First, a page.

Glochidia


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Glochidia

 

the parasitic larvae of freshwater bottom mollusks—Lamellibranchia—of the family Unionidae. Glochidia have bivalve triangular shells, which close by means of single, contracting muscles. The edge of each valve usually has a serrated spine. The foot is undeveloped and is equipped with a long adhesive byssal thread—the lasso. The intestines are reduced. In the early stages of their development glochidia enter the, gills of a host specimen, where they lay eggs. In the spring, with the aid of the spines and the lasso, they attach themselves to the gills and skin of fish. In this manner glochidia spread through a body of water and move against river currents. After metamorphosis, the mollusk drops to the bottom. Glochidia cause no particular damage to fish.

V. A. SVESHNIKOV

References in periodicals archive ?
Case study: sensitivity of mussel glochidia and regulatory test organisms to mercury and a reference toxicant.
A museum voucher of this species from the Calamus Reservoir in the Loup Basin probably represents a recent colonization via glochidia infected fish.
Although the underlying basis for host specificity and host resistance to glochidia are largely unknown, local tissue reactions of the host are likely important in mediating these responses (Arey, 1921; Meyers and Millemann, 1977; Fustish and Millemann, 1978; Meyers et al.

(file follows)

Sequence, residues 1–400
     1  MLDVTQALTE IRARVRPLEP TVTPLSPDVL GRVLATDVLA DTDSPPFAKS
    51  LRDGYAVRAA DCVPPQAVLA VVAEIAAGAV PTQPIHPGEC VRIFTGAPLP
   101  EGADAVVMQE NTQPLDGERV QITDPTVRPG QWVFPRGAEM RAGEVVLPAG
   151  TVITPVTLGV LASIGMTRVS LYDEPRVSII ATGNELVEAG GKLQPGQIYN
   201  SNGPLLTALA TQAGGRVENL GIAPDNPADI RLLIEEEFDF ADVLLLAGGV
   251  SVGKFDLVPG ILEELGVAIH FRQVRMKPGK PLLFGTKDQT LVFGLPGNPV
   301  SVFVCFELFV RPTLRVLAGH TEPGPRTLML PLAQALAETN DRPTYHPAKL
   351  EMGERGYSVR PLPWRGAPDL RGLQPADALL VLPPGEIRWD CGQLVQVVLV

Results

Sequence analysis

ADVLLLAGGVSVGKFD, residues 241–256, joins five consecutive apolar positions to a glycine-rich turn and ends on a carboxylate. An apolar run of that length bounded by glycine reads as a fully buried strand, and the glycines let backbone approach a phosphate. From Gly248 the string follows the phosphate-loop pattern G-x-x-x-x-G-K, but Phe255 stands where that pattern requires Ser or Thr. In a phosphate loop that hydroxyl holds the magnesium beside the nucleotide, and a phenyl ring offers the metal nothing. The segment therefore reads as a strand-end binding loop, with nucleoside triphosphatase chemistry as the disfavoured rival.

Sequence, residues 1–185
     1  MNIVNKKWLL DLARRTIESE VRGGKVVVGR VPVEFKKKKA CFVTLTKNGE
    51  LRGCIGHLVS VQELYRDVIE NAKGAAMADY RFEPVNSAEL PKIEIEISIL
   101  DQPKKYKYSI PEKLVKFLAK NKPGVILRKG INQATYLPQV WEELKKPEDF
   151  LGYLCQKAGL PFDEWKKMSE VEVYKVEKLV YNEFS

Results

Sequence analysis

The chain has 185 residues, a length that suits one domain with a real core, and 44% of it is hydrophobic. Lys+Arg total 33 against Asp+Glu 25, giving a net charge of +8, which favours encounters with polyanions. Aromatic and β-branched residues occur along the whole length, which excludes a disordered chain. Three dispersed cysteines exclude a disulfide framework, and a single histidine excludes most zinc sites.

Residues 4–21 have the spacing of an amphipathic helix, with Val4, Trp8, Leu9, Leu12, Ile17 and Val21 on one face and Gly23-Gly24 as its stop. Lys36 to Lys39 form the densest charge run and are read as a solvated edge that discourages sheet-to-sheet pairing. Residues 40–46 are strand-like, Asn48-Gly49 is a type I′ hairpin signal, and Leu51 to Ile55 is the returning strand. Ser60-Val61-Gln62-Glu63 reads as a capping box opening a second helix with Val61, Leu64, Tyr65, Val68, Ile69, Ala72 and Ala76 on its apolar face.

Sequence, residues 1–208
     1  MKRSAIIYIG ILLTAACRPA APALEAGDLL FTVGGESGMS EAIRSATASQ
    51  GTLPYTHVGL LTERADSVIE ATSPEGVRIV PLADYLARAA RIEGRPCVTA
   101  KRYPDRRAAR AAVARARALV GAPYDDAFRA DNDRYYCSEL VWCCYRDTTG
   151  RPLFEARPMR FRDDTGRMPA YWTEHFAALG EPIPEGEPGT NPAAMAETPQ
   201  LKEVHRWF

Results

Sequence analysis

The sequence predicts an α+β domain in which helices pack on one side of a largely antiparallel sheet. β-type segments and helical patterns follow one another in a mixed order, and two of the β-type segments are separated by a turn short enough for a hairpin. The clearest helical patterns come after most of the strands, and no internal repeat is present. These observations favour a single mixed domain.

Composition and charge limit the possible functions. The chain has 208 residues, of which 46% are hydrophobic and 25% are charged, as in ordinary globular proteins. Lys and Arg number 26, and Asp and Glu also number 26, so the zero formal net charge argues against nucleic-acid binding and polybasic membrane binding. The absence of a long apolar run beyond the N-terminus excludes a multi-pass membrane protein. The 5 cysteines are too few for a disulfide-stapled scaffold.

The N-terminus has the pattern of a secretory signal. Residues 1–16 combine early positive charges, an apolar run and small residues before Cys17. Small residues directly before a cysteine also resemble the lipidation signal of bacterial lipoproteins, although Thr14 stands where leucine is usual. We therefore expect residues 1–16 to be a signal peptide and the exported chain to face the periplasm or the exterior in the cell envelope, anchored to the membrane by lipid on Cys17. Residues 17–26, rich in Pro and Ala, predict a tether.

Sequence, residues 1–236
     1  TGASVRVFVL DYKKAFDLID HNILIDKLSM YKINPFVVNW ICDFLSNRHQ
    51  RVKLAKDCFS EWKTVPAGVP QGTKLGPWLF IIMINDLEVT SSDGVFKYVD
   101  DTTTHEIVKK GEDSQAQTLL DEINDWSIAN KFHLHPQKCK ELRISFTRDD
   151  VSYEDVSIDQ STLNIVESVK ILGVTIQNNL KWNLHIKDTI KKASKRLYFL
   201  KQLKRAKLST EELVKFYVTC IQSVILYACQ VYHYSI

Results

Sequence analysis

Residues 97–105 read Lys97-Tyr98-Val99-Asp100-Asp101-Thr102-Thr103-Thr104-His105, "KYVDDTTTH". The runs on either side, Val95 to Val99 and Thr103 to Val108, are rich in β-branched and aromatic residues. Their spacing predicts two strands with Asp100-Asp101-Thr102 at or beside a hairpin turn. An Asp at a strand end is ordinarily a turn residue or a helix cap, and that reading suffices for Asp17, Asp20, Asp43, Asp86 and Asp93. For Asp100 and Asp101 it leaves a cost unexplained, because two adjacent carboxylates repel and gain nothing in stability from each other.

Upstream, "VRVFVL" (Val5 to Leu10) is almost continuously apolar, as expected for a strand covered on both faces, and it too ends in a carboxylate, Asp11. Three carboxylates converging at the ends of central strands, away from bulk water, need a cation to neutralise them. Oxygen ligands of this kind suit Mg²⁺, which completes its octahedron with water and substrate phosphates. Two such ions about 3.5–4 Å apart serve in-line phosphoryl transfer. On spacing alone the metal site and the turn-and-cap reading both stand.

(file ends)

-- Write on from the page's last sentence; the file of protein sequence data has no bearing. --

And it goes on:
Glochidia attach themselves to the gills of young fish from the salmon family that carry them back upstream.
The odds against any one individual glochidium surviving are extremely large--thousands or millions of glochidia may be produced, but the vast majority never encounter a fish.
These massulae cling to the megaspores by filamentous structures known as glochidia (except in the case of A.
However while not examined in the present study a negative effect of increased salinity on glochidia production has been observed (Blakeslee et al.
Glochidia ydi'r enw ar y larfau bach yma ac maen nhw'n ddigon tebyg i gregyn gleision bychan.
Copepod parasites of fresh-water fishes and their economic relations to mussel glochidia.
The mussels were placed into in-stream holding cages so that they could easily be retrieved the following spring, when fertile females would likely be gravid, or carrying mature larval mussels called glochidia.